It was almost exactly a year ago (October 11, 2011) that the Pinellas County Commission voted 4-3 to stop adding fluoride to the county’s water supply. Although water fluoridation had long met resistance in Pinellas (one reason why the county only approved it eight years earlier), critics of the 2011 vote traced it to a Tea Party-led furor that compelled commissioner John Morroni to change his mind and support the three other conservatives on the board, Norm Roche, Neil Brickfield and Nancy Bostock.
Bostock and Brickfield are running for re-election, and their Democratic opponents, Charlie Justice and Janet Long, are using the contentious issue as a reason why they should be elected next month. But theirs are not the only races where the fluoride issue is baring its bicuspids. Here’s the rundown on a few of them. (In District 5, Karen Seel is running unopposed.)
District 7: Ken Welch vs. Buck Walz
As the only Democrat on the Board of County Commissioners, Ken Welch hasn’t been shy about combating the views of Tea Party members, and what he perceives as their ignorance regarding transit, the budget, and especially fluoride. But he is surprised at the resonance of the anti-fluoride vote on the campaign trail.
Welch has been endorsed by St. Petersburg Mayor Foster, as well as former mayors Rick Baker and David Fischer, in his bid for re-election against Republican Buck Walz. To win his endorsement, Welch answered just one question from Fischer: Did he support fluoride in the water? His answer was yes, of course, and he says that’s the “number one question” he’s been hearing “all across the county.”
Tea Party members vowed to challenge Welch on the board this time around. Their candidate, the 33-year-old Walz, calls himself a winner and a leader on the campaign trail. He works in construction and says he represents the small-business community.
Welch is more than happy to debate the Tea Party’s hard-right leaning conservatives.
“They believe in Agenda 21 conspiracies as driving our policies,” says the 48-year-old St. Pete native. “I just think they’re outside of the mainstream of Pinellas County, so I welcome the debate, and I’ve yet to hear Mr. Walz’s policy positions or community service that would indicate where he would lead this county.”
District 1: Nancy Bostock vs. Charlie Justice
Charlie Justice needs a win.
The talented Democrat had been a bright star in Pinellas County political circles for over a decade, moving from the state House to the Senate in 2006. But instead of running for re-election in his hybrid Pinellas/Hillsborough seat two years ago, he tried to do what no one has been able to accomplish, well, ever — defeat Pinellas Congressman Bill Young.
Let’s just say it did not turn out so well. Justice, now the coordinator of leadership development and programming at USF St. Petersburg, lost to the GOP heavyweight by a nearly two-to-one margin.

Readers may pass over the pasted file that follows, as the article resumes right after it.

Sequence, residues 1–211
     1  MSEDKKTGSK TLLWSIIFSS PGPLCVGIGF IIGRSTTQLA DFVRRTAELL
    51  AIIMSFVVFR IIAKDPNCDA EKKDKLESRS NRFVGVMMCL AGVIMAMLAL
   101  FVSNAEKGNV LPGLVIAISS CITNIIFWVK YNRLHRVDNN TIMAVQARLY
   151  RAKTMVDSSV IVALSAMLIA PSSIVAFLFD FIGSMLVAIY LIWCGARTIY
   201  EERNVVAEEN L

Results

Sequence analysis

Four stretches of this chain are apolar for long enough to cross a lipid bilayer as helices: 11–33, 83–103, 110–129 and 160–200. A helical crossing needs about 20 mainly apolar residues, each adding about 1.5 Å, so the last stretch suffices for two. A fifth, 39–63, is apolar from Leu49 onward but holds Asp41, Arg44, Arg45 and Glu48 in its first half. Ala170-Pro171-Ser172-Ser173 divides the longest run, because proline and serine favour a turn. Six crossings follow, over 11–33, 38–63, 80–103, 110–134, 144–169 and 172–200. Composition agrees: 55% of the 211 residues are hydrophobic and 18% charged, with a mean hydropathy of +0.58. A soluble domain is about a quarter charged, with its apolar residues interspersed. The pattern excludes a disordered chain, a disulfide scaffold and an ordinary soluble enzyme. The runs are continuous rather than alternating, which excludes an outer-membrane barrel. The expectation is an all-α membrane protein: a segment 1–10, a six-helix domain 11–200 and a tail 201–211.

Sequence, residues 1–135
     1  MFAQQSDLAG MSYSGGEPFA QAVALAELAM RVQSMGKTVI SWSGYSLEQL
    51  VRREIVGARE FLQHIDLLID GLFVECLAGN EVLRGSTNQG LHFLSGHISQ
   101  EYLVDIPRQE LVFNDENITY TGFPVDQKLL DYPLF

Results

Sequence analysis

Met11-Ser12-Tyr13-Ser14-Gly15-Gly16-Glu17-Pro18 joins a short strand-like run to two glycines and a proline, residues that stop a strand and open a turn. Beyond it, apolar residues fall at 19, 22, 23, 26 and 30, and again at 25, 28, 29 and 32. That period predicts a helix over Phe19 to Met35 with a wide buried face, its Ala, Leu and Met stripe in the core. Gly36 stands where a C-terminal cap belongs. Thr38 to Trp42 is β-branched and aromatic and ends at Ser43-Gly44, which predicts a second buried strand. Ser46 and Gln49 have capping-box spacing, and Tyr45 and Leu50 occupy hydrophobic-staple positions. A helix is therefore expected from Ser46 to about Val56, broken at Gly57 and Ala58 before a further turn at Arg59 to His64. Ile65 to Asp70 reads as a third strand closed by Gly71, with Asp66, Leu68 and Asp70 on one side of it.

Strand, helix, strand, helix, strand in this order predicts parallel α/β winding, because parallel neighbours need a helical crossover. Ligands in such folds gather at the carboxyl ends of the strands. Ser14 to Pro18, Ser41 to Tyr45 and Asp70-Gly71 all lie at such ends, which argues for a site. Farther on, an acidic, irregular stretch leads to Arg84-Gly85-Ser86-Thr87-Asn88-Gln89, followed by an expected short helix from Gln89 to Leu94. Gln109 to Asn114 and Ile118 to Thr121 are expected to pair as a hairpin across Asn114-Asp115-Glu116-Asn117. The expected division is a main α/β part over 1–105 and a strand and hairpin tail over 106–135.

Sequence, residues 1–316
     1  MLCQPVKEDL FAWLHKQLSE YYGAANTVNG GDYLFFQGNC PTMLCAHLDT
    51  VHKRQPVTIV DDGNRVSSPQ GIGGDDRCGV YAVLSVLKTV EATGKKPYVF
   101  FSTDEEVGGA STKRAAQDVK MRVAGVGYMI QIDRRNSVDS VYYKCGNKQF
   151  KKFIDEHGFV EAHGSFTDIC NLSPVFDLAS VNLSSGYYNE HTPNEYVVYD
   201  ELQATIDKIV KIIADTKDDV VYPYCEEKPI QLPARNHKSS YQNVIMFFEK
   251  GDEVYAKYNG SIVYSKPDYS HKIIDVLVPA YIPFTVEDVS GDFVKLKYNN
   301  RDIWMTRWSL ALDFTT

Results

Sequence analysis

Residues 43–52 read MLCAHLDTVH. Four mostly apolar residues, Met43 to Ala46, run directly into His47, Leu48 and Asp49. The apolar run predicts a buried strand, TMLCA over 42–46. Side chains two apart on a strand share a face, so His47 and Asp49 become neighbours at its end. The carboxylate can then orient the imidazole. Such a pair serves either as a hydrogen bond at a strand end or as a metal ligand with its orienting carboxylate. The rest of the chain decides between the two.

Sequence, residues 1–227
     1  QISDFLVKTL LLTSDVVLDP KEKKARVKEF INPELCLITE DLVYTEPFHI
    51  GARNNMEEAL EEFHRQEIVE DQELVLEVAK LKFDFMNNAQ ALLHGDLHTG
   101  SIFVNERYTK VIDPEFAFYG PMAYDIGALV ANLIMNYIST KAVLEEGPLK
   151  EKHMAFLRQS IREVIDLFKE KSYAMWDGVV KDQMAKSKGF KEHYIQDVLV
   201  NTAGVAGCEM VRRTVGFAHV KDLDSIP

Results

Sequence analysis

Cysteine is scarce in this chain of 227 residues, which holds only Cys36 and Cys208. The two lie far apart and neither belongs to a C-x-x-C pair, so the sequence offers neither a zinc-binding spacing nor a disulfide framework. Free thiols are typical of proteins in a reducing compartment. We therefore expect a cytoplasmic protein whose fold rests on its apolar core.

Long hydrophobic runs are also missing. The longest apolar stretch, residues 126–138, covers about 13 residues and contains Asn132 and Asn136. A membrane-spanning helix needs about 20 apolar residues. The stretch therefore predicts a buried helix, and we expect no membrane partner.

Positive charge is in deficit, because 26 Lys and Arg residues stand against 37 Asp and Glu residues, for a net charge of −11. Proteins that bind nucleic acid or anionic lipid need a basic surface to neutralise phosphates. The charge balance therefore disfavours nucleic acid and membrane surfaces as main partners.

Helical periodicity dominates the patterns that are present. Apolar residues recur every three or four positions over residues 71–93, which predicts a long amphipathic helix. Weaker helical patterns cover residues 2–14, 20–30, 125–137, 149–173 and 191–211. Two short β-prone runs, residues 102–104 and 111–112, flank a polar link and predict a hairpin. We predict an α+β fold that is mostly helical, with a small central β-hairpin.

Now he’s running for a County Commission seat against Nancy Bostock, a GOP fiscal hawk running for re-election after a previous stint on the county’s School Board.
Justice is definitely using fluoride as a cudgel in the campaign.At a recent candidates forum in Gulfport, Bostock addressed the issue by saying that the commission in fact was not taking fluoride out of the water, insisting that in fact “fluoride was always in the water. We voted to stop adding additional chemicals to the water.”
She says her vote was pro-choice, as it were, allowing residents to decide on their own whether they want fluoride in their water or not.
“I think we should go to the experts,” she said. “I just happen to think the experts are you.”
Justice told the audience his opponent was running away from the issue at hand.
“Let’s be clear. Fluoride was in the water. Pinellas County was putting fluoride in the water. The current commission voted to take it out. To stop it. Whatever terminology you want.”
Justice is being supported by several medical groups and others that rarely endorse Democrats, such as the Pinellas Realtors Organization and the Clearwater Chamber of Commerce, in strong part because of Bostock’s vote.
Another of those groups is the Upper Pinellas County Dental Association, led by Oscar Menendez. He paid to put up a billboard outside his Palm Harbor dental office in late September touting Justice and fellow Democrat Janet Long in their respective races.
Menendez has been working in Pinellas for the past 19 years and says for much of that time, when he would do dental screenings at health fairs in Clearwater, he treated kids with lots of decayed teeth. He says that since the county voted in 2003 to add fluoride, the change has been dramatic.
“By removing the fluoride, the people who are going to be hurt are those lower-income, less privileged [ones],” he says.
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